We have dozens of embedded devices installed at customers, all calling home to our OpenVPN service. That works fine in general, but a few of our customers have severe path MTU issues. Our influence on the customers to fix their networks is limited, so we need OpenVPN to deal with it. In a nutshell, my question is:

How can i mitigate the low path MTUs of some clients on a per-client bases, that is without using global settings accommodating the worst case for all clients

Note that our worst case it pretty bad: path MTU 576, drops all fragments, doesn't fragment itself, doesn't honour DF-bit. You see why i'd prefer to not solve this issue globally.

The OpenVPN manpage offers a number of MTU related options, most notably --link-mtu, --tun-mtu, --fragment and --mssfix. But it also says

--link-mtu [...] It's best not to set this parameter unless you know what you're doing.

--tun-mtu [...] It's best to use the --fragment and/or --mssfix options to deal with MTU sizing issues.

So i started experimenting with --fragment and --mssfix but soon had to realize that at least the former must be set not only client-side, but also server-side. I then looked into server-side per-client config via --client-config-dir but it says

The following options are legal in a client-specific context: --push, --push-reset, --iroute, --ifconfig-push, and --config.

No mention of MTU options!

So here are my more specific questions:

  • Why exactly are link-mtu and tun-mtu discouraged? What are the potential problems with these options? Note that i am quite comfortable with low-level IP header munging.
  • Which of the options link-mtu tun-mtu fragment mssfix have to be mirrored on the server-side in order to work?
  • Which of the options link-mtu tun-mtu fragment mssfix can be used in client-config-dir?
  • In case all four options have to be mirrored server-side, and cannot be used inside client-config-dir: Are there any alternatives to combat low path MTU per client?


  • Parts of my questions have already been asked 5 years ago here, But they haven't really been answered back then, hence i dare to duplicate them.
  • The OpenVPN server is currently 2.2.1 on Ubuntu 12.04. We are preparing an upgrade to 2.3.2 on Ubuntu 14.04
  • The OpenVPN clients are 2.2.1 on Debian 7.6
  • I am happy to determine a customer's path-MTU myself manually
  • Currently we cannot test much server-side. But we are building a complete separate test bed, should be ready soon.

I am thankful for any helpful advise.

  • 1
    576? Dear gawd. I haven't seen an MTU that low since the days of dialup. Is that going over an ancient serial link? – Michael Hampton Sep 13 '14 at 14:44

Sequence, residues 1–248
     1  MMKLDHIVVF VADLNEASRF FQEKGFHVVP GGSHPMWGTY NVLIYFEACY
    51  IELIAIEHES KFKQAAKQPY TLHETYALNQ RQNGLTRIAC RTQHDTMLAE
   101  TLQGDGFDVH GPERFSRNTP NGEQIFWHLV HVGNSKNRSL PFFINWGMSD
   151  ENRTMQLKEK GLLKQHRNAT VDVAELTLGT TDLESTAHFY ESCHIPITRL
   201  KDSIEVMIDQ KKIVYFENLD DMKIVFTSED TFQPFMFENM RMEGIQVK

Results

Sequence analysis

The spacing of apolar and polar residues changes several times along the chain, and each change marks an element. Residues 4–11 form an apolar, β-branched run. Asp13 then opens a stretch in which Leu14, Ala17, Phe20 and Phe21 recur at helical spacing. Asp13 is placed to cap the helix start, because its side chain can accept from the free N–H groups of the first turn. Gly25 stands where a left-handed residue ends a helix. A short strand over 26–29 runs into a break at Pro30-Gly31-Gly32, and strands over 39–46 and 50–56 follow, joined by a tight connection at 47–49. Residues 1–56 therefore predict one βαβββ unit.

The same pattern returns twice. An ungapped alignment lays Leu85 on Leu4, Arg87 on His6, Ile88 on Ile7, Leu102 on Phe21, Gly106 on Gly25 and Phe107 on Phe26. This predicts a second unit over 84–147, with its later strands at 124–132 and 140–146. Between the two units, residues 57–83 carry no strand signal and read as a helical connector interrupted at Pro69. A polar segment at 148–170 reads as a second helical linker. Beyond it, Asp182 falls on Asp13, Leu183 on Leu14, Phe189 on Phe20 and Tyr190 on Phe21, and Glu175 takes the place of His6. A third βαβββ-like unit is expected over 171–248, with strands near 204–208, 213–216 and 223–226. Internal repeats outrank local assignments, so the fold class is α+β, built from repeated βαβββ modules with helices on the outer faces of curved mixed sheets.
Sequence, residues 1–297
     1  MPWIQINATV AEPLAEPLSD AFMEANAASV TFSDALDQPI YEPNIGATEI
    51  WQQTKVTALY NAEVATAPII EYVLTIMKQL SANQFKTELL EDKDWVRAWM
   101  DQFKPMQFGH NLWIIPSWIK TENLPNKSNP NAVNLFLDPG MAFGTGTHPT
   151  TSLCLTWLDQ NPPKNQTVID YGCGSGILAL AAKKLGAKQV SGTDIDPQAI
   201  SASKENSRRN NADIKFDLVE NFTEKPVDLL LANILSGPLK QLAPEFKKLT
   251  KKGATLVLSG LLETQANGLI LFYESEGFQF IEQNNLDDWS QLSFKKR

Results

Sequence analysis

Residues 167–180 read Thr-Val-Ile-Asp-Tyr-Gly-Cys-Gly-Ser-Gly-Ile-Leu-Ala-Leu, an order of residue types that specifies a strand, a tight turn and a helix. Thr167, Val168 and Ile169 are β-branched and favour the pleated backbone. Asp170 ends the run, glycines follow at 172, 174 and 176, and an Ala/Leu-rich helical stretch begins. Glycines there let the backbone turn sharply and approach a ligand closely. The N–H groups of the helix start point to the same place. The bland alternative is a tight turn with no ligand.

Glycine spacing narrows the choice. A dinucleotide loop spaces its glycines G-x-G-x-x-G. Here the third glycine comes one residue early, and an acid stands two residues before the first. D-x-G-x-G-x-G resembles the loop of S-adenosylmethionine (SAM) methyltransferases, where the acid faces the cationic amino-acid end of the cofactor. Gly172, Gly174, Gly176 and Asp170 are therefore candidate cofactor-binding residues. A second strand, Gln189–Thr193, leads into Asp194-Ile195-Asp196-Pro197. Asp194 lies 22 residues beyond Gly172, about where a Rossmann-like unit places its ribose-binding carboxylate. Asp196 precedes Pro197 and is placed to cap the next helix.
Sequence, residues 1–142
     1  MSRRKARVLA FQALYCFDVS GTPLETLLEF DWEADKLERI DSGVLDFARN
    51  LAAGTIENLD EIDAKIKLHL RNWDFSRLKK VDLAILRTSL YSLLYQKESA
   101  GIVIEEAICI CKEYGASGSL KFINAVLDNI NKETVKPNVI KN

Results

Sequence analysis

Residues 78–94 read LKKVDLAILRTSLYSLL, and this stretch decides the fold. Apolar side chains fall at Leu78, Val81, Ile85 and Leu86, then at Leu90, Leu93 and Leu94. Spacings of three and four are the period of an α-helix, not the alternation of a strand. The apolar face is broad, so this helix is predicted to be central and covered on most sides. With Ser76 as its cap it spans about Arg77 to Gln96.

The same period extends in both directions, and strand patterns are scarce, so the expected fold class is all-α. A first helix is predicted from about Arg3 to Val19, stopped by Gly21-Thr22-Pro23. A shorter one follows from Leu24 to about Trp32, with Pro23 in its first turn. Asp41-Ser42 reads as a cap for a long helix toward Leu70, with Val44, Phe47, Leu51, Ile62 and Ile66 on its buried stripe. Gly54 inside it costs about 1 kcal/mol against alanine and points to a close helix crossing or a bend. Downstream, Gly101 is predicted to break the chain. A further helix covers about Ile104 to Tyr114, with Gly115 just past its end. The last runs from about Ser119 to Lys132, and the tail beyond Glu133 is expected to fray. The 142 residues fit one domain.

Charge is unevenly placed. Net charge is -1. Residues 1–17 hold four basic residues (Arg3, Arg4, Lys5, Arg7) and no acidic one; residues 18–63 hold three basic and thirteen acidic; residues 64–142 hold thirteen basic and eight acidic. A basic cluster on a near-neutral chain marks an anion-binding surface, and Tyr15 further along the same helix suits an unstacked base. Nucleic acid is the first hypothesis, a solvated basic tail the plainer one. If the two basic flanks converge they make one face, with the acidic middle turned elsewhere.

• Could you run two OpenVPN servers? Maybe you could run both servers on the same public IP address and use port forwarding (or a routing policy) to direct clients to a different OpenVPN server depending on whether they are on a known problematic network or not (as determined by a list of client IP addresses). – kasperd Sep 13 '14 at 14:52
  • 1
    @MichaelHampton I wondered too. It's >600kbit/s and RTT ~30ms, doesn't look like ancient serial to me. Given that they have other stupid settings (e.g. not responding to DF with 'fragmentation needed'), i guess this is just another one. We told them, but haven't heard back yet. – Nils Toedtmann Sep 13 '14 at 14:54
  • @kasperd interesting idea. I could run multiple OpenVPN server instances. Would have to have maybe 3 or 4, for different MTU ranges. Server-side per-client NAT would not work (i cannot predict the dynamic public client IP addresses), but i would have to alter the client config anyway for the MTU settings (correct?), so i would simply configure the different port straight into the client. - But it would be a maintenance nightmare that i would prefer to avoid! – Nils Toedtmann Sep 13 '14 at 15:02
  • @NilsToedtmann Which criteria would you use to detect which clients are affected? One other approach could be to run a script on the server after a client has connected. The script can try to ping the client IP address with varying packet sizes to figure out which work and which do not. Then it can insert iptables rules to reduce the MSS on all SYN packets to or from that client IP address. – kasperd Sep 13 '14 at 15:09

I solved the problem on the client side by adding the option mssfix 1300 to the config file.

From the openvpn man page:

--mssfix max
    Announce to TCP sessions running over the tunnel that they should limit their send packet sizes such that after OpenVPN has encapsulated them, the resulting UDP packet size that OpenVPN sends to its peer will not exceed max bytes. 

Original idea for my solution came from personalvpn.org

  • 1
    So mssfix can be set client-side only? Well, that's something at least. It doesn't help with UDP packets though (which is why i was interested in the other options, but at least the recommended fragment needs to be set server-side too) – Nils Toedtmann Dec 22 '14 at 12:44
  • 2
    mssfix can be added on server as well as client. However the smaller value will be used in negotiation – Ahmed Jul 25 '16 at 22:45

Given the lack of answers, i am posting now a solution that is not very elegant, but simple: Run another OpenVPN instance on TCP for "bad clients"

proto tcp

and lower the TCP MSS on the client, e.g.

iptables -t mangle -A POSTROUTING -p tcp --tcp-flags SYN,RST SYN -o ${OUT_DEV} -j TCPMSS --set-mss ${PATH-MTU-MINUS-40}

An advantage of this solution is that each client can set its individual MSS.

This is admittedly TCP-over-TCP, but that should perform well enough in many scenarios.

Note that I am still very interested solutions that don't require proto tcp, and i'll mark them as valid answer if they more or less fulfil my outlined requirements.

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